Muscle models and animal observations suggest that physical damping is beneficial for stabilization. Still, only a few implementations of mechanical damping exist in compliant robotic legged locomotion. It remains unclear how physical damping can be exploited for locomotion tasks, while its advantages as sensor-free, adaptive force- and negative work-producing actuators are promising. In a simplified numerical leg model, we studied the energy dissipation from viscous and Coulomb damping during vertical drops with ground-level perturbations. A parallel spring-damper is engaged between touch-down and mid-stance, and its damper auto-disengages during mid-stance and takeoff. Our simulations indicate that an adjustable and viscous damper is desired. In hardware we explored effective viscous damping and adjustability and quantified the dissipated energy. We tested two mechanical, leg-mounted damping mechanisms; a commercial hydraulic damper, and a custom-made pneumatic damper. The pneumatic damper exploits a rolling diaphragm with an adjustable orifice, minimizing Coulomb damping effects while permitting adjustable resistance. Experimental results show that the leg-mounted, hydraulic damper exhibits the most effective viscous damping. Adjusting the orifice setting did not result in substantial changes of dissipated energy per drop, unlike adjusting damping parameters in the numerical model. Consequently, we also emphasize the importance of characterizing physical dampers during real legged impacts to evaluate their effectiveness for compliant legged locomotion.

Youtube link (url) DOI [BibTex]

Youtube link (url) DOI [BibTex]


Trunk pitch oscillations for energy trade-offs in bipedal running birds and robots
Trunk pitch oscillations for energy trade-offs in bipedal running birds and robots

Drama, Ö., Badri-Spröwitz, A.

Bioinspiration & Biomimetics, 15(3), March 2020 (article)

Abstract
Bipedal animals have diverse morphologies and advanced locomotion abilities. Terrestrial birds, in particular, display agile, efficient, and robust running motion, in which they exploit the interplay between the body segment masses and moment of inertias. On the other hand, most legged robots are not able to generate such versatile and energy-efficient motion and often disregard trunk movements as a means to enhance their locomotion capabilities. Recent research investigated how trunk motions affect the gait characteristics of humans, but there is a lack of analysis across different bipedal morphologies. To address this issue, we analyze avian running based on a spring-loaded inverted pendulum model with a pronograde (horizontal) trunk. We use a virtual point based control scheme and modify the alignment of the ground reaction forces to assess how our control strategy influences the trunk pitch oscillations and energetics of the locomotion. We derive three potential key strategies to leverage trunk pitch motions that minimize either the energy fluctuations of the center of mass or the work performed by the hip and leg. We suggest how these strategies could be used in legged robotics.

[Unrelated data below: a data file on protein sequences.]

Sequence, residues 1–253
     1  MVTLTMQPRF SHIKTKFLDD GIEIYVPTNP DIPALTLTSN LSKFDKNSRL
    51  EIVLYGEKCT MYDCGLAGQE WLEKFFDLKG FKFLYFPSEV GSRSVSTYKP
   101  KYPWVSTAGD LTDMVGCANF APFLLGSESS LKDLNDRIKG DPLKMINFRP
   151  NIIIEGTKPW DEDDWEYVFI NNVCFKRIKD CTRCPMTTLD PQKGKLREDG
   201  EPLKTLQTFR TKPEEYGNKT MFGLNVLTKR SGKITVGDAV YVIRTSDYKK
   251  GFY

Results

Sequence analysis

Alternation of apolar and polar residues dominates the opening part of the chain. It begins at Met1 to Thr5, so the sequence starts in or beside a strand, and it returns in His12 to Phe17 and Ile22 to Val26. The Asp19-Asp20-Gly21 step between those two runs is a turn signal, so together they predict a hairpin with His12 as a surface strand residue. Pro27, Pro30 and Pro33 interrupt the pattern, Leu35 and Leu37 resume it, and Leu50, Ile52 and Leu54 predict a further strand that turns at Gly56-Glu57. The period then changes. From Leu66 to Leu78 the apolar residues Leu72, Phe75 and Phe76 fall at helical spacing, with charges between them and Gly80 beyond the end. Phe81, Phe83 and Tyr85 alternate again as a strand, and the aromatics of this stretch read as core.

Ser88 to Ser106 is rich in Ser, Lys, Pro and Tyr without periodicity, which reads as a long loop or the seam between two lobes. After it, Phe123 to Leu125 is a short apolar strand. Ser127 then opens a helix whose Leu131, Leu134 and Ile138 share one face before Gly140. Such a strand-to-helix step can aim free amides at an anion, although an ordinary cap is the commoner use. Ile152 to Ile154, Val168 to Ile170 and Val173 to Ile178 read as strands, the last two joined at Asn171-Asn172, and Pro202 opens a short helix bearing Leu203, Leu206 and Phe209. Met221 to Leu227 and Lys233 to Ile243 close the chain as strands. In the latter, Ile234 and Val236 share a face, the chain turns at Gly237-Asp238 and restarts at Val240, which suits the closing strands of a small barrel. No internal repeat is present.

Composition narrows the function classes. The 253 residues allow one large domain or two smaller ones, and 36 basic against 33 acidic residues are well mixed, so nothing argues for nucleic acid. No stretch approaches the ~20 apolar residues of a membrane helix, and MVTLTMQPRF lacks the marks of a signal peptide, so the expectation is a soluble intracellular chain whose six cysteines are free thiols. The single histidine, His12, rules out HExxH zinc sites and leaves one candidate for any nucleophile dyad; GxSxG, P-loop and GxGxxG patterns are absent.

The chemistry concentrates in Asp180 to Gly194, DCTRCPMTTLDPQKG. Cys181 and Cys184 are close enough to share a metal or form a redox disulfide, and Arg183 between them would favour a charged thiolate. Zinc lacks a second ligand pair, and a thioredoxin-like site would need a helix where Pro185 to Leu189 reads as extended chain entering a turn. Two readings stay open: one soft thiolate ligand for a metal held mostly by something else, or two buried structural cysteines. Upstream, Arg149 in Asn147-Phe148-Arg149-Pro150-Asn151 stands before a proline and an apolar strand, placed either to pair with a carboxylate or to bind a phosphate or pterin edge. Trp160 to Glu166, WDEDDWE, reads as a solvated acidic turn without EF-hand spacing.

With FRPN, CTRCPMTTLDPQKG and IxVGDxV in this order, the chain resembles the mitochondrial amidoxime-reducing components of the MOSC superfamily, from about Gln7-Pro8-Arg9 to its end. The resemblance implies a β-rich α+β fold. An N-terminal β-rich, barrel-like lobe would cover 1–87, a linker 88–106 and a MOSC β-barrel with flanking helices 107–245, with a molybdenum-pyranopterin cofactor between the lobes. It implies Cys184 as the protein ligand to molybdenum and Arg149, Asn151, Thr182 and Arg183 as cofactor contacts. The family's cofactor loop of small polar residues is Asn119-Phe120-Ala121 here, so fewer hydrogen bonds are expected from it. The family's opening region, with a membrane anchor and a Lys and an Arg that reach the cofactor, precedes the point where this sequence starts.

Youtube Video link (url) DOI [BibTex]

Youtube Video link (url) DOI [BibTex]

2014


Roombots: A hardware perspective on 3D self-reconfiguration and locomotion with a homogeneous modular robot
Roombots: A hardware perspective on 3D self-reconfiguration and locomotion with a homogeneous modular robot

Spröwitz, A., Moeckel, R., Vespignani, M., Bonardi, S., Ijspeert, A. J.

{Robotics and Autonomous Systems}, 62(7):1016-1033, Elsevier, Amsterdam, 2014 (article)

Abstract
In this work we provide hands-on experience on designing and testing a self-reconfiguring modular robotic system, Roombots (RB), to be used among others for adaptive furniture. In the long term, we envision that RB can be used to create sets of furniture, such as stools, chairs and tables that can move in their environment and that change shape and functionality during the day. In this article, we present the first, incremental results towards that long term vision. We demonstrate locomotion and reconfiguration of single and metamodule RB over 3D surfaces, in a structured environment equipped with embedded connection ports. RB assemblies can move around in non-structured environments, by using rotational or wheel-like locomotion. We show a proof of concept for transferring a Roombots metamodule (two in-series coupled RB modules) from the non-structured environment back into the structured grid, by aligning the RB metamodule in an entrapment mechanism. Finally, we analyze the remaining challenges to master the full Roombots scenario, and discuss the impact on future Roombots hardware.

DOI [BibTex]

2014

DOI [BibTex]


Kinematic primitives for walking and trotting gaits of a quadruped robot with compliant legs
Kinematic primitives for walking and trotting gaits of a quadruped robot with compliant legs

Spröwitz, A. T., Ajallooeian, M., Tuleu, A., Ijspeert, A. J.

Frontiers in Computational Neuroscience, 8(27):1-13, 2014 (article)

Abstract
In this work we research the role of body dynamics in the complexity of kinematic patterns in a quadruped robot with compliant legs. Two gait patterns, lateral sequence walk and trot, along with leg length control patterns of different complexity were implemented in a modular, feed-forward locomotion controller. The controller was tested on a small, quadruped robot with compliant, segmented leg design, and led to self-stable and self-stabilizing robot locomotion. In-air stepping and on-ground locomotion leg kinematics were recorded, and the number and shapes of motion primitives accounting for 95\% of the variance of kinematic leg data were extracted. This revealed that kinematic patterns resulting from feed-forward control had a lower complexity (in-air stepping, 2–3 primitives) than kinematic patterns from on-ground locomotion (νm4 primitives), although both experiments applied identical motor patterns. The complexity of on-ground kinematic patterns had increased, through ground contact and mechanical entrainment. The complexity of observed kinematic on-ground data matches those reported from level-ground locomotion data of legged animals. Results indicate that a very low complexity of modular, rhythmic, feed-forward motor control is sufficient for level-ground locomotion in combination with passive compliant legged hardware.